optional. You do not have to include directives for unused form types.
The form types must be in the standard RPG order, the precompiler does not
sort them.


H, F, E, L, T, I, and O specifications are output without translation, except
for proper column alignment based on the /FIRSTCOL directive setting.

With the standard /FIRSTCOL setting (6), you begin each statement with the form
character in position 1. (This is redundant, but aids readability.)

To eliminate form characters, use the /FIRSTCOL 7 directive.

To add characters in positions 1-5, use /FIRSTCOL n where n is 1 to 5 and
specifies where position 1 of the input will be placed in the output.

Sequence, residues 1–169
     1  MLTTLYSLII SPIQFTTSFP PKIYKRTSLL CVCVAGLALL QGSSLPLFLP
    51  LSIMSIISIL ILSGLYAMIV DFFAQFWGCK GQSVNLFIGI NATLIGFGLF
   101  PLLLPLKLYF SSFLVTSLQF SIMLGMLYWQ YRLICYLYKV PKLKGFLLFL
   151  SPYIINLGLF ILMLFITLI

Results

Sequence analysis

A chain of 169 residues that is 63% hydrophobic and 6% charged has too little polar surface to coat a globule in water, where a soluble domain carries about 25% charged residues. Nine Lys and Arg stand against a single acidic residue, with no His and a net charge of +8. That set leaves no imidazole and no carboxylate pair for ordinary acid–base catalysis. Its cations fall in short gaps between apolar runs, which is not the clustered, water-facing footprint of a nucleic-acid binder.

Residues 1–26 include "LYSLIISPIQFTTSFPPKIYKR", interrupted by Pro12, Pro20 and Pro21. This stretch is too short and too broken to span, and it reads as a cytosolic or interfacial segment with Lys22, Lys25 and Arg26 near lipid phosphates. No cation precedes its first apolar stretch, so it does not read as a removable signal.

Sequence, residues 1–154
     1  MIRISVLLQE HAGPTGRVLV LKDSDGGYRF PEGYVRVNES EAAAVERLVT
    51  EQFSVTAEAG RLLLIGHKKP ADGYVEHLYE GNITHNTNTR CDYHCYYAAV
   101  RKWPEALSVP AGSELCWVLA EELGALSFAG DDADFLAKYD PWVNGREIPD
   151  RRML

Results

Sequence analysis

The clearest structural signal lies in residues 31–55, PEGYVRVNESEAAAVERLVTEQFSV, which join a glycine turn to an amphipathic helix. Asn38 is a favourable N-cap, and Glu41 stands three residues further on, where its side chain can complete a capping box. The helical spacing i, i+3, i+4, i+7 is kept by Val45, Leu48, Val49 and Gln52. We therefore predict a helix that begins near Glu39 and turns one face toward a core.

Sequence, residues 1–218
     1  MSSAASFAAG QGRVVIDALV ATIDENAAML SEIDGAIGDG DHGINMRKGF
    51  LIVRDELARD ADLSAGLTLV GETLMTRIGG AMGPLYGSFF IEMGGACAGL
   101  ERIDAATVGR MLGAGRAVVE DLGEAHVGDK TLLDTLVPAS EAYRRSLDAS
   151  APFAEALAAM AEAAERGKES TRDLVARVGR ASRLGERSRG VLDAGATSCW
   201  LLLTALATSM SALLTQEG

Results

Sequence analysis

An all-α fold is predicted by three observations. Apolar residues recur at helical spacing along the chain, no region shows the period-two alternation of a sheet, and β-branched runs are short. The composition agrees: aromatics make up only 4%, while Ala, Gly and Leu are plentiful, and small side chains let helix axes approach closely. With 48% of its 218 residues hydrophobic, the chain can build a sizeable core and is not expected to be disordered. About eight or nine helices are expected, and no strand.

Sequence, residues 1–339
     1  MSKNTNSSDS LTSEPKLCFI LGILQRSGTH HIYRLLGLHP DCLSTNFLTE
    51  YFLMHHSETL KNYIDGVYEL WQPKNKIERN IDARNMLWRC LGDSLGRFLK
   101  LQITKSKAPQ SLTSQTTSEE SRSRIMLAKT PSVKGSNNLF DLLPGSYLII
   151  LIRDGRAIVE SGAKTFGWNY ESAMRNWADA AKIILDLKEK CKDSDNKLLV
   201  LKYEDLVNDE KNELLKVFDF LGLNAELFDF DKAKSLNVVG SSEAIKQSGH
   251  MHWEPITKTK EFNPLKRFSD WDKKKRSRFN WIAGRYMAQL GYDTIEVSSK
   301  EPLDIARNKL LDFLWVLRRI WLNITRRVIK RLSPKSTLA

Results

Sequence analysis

You can use multiple /FIRSTCOL directives, so you can bracket a statement
that you want to mark and leave the others as the default:

FAFILE1 ....
>>FAFILE2 ...


C-specs are free format, you can use blanks and tabs freely for alignment.
You can also use upper or lower case for all keywords, identifiers, and
special values. Lower case is converted to upper case except within string
constants (e.g., 'Name' is unchanged) and figurative constants (e.g.,
*all'x' becomes *ALL'x').

A complete C-spec has the following parts:

Control (or level) indicator
Conditioning indicators
Resulting indicators

Rules for combining these parts are the same as in standard RPG.


You can specify any one of the following control indicator keywords:


You must use the parentheses. The left parenthesis must immediately follow